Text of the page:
Donaldson’s Vets have been treating animals in and around Huddersfield for over 100 years.

The Practice was established by two brothers who came to Yorkshire from Ireland. The surgery was located next to the Town Hall on a site now occupied by the Queensgate Market. They dealt mainly with horses, which were the backbone of the transport system at that time. Not only did they treat horses but they rode on horseback from call to call and carried their medicines with them. As today, they worked closely with the local farriers to treat foot problems. Treatments were rudimentary – penicillin was not invented until 1929. In the surgery, large brown glass bottles occupied rows of shelves and medicines were individually mixed from these bottles and strapped to panniers on the vet’s horse before setting off in the morning.

As the importance of the horse started to decline with the growth in popularity of the car, the farm side of the practice grew. Mechanisation of food production meant that the area became increasingly important for rearing livestock and especially for dairy cattle. Medicines became more sophisticated and vets travelled between calls by car not horse.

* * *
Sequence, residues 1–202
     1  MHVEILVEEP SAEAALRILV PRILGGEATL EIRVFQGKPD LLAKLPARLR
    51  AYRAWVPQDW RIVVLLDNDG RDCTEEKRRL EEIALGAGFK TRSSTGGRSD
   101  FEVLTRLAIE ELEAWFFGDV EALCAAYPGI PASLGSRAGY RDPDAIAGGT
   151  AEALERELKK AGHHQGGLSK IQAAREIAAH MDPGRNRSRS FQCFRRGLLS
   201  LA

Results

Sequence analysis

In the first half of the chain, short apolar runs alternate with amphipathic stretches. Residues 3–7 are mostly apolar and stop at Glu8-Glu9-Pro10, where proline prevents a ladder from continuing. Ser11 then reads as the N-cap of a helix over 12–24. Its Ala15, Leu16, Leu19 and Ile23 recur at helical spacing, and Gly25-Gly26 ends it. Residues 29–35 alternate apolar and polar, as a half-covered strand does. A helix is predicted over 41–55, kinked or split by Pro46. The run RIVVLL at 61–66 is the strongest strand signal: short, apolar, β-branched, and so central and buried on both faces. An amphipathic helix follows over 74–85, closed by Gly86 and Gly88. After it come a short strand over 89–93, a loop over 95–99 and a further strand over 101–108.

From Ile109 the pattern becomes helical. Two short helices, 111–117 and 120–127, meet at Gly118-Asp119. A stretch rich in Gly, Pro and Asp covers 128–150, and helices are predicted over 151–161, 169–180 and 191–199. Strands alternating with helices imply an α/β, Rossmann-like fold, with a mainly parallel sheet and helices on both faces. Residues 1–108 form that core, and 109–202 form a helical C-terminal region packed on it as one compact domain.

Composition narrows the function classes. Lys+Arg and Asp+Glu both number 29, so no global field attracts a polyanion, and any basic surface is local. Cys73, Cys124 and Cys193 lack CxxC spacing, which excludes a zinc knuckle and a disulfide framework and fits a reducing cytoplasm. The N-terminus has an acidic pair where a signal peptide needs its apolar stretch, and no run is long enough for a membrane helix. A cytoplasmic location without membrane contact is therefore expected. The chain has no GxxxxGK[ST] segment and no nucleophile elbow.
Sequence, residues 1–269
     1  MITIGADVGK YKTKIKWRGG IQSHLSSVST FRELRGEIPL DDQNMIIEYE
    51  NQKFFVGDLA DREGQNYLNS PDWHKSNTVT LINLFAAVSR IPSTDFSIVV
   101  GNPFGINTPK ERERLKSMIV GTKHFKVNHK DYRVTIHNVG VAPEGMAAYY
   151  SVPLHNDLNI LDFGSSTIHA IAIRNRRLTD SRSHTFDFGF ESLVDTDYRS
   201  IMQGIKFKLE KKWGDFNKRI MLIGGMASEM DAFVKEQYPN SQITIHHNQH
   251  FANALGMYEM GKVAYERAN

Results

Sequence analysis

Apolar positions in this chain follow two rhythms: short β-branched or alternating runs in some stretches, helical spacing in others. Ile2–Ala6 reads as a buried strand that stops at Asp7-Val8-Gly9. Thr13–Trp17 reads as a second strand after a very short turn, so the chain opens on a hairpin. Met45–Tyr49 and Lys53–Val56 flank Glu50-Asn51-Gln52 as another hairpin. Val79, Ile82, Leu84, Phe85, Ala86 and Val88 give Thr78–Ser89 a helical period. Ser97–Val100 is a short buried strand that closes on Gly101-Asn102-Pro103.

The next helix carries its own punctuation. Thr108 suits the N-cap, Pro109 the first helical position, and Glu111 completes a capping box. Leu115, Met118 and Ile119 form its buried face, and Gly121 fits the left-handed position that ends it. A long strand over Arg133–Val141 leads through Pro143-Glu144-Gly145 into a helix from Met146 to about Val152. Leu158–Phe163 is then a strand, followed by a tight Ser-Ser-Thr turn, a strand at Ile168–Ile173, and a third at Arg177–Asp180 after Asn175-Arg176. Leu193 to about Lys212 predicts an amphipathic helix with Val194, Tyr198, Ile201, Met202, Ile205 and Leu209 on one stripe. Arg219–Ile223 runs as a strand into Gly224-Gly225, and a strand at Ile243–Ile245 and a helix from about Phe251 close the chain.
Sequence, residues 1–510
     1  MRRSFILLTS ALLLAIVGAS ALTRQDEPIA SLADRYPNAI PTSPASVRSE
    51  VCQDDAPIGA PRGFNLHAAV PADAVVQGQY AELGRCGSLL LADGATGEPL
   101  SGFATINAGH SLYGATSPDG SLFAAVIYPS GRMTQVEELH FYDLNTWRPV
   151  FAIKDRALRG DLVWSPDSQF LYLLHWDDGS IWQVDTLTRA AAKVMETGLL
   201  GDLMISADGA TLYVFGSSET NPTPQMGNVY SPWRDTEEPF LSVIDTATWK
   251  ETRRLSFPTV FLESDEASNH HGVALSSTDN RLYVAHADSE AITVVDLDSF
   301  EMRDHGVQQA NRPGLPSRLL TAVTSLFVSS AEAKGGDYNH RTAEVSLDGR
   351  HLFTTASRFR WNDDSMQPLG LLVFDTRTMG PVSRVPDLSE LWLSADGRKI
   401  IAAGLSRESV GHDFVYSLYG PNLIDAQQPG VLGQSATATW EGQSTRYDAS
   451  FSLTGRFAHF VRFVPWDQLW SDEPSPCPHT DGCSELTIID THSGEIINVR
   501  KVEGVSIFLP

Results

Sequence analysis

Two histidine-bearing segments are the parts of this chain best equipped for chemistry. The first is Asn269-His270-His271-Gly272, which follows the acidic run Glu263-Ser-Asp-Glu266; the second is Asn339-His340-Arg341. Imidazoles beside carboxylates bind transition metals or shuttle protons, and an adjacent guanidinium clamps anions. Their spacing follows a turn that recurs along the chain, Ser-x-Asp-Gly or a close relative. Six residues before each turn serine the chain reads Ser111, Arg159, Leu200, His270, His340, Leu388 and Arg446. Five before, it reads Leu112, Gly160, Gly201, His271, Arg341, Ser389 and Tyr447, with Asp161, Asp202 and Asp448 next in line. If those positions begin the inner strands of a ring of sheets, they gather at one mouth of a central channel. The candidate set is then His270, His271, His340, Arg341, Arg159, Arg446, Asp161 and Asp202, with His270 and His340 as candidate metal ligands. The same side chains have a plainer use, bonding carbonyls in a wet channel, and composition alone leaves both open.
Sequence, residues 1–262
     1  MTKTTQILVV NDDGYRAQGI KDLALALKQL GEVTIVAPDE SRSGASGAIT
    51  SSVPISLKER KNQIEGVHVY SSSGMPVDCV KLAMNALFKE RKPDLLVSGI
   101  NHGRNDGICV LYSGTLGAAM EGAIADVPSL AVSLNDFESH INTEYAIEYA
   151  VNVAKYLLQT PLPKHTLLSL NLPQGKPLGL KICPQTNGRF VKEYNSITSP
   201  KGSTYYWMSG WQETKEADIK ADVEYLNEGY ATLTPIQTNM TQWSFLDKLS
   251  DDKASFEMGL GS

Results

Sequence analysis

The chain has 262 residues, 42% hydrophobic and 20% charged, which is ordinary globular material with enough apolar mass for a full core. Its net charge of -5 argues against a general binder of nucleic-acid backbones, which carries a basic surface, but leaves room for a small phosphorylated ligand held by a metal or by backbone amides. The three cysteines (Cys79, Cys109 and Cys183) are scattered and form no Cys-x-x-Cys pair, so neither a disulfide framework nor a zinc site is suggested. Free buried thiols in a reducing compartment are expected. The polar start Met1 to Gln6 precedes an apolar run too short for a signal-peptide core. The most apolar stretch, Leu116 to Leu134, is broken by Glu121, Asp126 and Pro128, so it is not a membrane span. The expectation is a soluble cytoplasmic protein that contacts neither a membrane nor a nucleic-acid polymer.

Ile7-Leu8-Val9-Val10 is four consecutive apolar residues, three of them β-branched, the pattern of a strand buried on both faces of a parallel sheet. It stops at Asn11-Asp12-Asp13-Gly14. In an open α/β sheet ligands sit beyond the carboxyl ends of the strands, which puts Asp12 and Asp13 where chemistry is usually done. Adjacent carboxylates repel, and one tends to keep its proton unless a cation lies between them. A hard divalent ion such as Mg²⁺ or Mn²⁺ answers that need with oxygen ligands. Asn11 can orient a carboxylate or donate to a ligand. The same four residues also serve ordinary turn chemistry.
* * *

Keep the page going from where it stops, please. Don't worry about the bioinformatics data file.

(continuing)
George Donaldson, a Scottish vet qualifying from Glasgow Vet School, having worked in Colne in Lancashire joined the Practice in 1947 and became a Partner in 1958. The surgery moved from the Town Hall site to its current location on Maple Street in 1964, being built in the back garden of Mr Donaldson’s house.

“Young” Rob Donaldson (now retired) joined his father in 1969 after also qualifying from Glasgow. The last McKinna retired from the Practice in 1970 and Rob became a Partner in “Donaldson and Donaldson’s” in 1972.

Rob witnessed a huge transformation of the practice as the number of vets increased from 2 to the current 16 and the small animal side of the practice becoming more and more busy. 3 additional surgeries were developed dealing with everything from cats and dogs to gerbils,snakes and parrots while the large animal side of the practice has continually extended its boundaries.